I don't move the machine, I have a butcher block cabinet that the machine sits on parked near an outlet that it stays plugged into.

Cleaning consists of rinsing the non-stick bread pan and paddles out with hot tap water and wiping it down with a paper towel.

I don't use a bread pan.

HONEY WHEAT BREAD

suave's picture
suave

That's not necessarily true - as far as I know the no knead method was first mentioned in print in 1945 and recipe they used had milk, fat and eggs in it.   Of course it did not rise for 12 hours, but it really did not need to.

BettyR's picture
BettyR

I have a recipe for a batter bread that you put together and beat with the paddle attachment of your mixer. You then pour the batter into a casserole, let it rise and bake it but I fail to see how simply stirring the ingredients together and leaving it to sit on the counter for several hours is going to make anything but a mess.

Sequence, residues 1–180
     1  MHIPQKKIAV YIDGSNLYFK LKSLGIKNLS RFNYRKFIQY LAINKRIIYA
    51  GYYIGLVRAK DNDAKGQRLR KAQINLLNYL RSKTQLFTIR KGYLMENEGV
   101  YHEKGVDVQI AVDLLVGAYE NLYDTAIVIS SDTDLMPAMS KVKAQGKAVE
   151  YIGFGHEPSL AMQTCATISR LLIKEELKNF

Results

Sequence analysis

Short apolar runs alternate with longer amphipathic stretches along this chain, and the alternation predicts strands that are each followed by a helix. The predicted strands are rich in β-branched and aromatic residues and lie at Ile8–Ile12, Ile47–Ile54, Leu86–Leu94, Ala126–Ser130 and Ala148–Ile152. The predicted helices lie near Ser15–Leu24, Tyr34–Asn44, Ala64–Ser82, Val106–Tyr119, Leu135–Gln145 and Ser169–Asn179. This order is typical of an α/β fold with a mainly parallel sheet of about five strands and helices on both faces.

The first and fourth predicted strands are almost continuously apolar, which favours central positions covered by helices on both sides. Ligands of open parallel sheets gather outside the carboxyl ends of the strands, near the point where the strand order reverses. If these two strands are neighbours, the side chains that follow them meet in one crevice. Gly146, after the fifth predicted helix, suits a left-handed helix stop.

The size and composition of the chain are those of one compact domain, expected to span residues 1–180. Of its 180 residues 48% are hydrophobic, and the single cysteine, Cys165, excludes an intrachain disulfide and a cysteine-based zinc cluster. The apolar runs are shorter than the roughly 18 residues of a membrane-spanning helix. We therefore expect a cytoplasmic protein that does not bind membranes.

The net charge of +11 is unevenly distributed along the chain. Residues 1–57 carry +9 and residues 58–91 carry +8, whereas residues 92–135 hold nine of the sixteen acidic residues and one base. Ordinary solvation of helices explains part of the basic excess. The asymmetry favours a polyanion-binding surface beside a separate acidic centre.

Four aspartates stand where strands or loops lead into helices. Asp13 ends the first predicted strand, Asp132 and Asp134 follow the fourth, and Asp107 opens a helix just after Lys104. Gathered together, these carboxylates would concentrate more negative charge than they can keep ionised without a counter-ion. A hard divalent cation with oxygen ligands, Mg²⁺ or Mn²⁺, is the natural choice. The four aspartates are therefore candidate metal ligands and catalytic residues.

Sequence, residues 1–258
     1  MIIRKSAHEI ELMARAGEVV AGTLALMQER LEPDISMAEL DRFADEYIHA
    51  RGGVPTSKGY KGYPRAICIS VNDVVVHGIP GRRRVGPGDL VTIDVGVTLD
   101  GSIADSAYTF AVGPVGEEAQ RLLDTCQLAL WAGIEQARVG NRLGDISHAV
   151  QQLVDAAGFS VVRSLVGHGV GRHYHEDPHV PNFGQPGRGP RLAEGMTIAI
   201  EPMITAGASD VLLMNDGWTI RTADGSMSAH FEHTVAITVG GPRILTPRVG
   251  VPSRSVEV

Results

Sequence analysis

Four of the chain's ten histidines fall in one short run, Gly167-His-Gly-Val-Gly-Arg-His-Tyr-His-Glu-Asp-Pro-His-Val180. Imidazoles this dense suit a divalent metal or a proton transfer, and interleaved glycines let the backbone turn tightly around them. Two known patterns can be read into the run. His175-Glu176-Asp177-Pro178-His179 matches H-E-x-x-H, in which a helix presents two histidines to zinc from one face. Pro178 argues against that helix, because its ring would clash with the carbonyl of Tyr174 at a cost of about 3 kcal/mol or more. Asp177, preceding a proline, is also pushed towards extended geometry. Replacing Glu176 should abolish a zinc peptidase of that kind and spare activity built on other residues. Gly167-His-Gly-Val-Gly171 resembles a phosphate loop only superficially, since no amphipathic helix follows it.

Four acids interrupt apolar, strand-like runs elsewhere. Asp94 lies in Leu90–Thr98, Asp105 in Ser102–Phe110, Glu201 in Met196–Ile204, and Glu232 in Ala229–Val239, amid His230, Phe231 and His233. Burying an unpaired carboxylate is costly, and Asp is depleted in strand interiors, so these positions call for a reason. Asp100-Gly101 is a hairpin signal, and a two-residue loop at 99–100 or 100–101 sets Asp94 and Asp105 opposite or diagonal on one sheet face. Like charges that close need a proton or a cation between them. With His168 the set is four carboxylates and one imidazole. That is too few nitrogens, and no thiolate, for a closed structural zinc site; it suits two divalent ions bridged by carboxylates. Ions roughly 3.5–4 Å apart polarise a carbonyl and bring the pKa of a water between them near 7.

G-man's picture
G-man

A lesson I learned from the time we had this sort of discussion before is that, no matter what, some folks will always believe that a dairy product left out for a while is lethal poison and others will be perfectly happy to eat what those others turn up their noses at.

 

I guess what I'm saying is that this argument can continue until everyone gets tired of it, or we could agree to disagree and move on.

BettyR's picture
BettyR

It has nothing to do with leaving milk sitting out and everything to do with putting ingredients for a loaf of sandwich bread together and then just leaving it to sit without developing the gluten and expecting to get a proper loaf of bread out of it. I don't think it's going to happen....if by chance I'm wrong I would really like to have someone explain it to me because I would be very interested in it.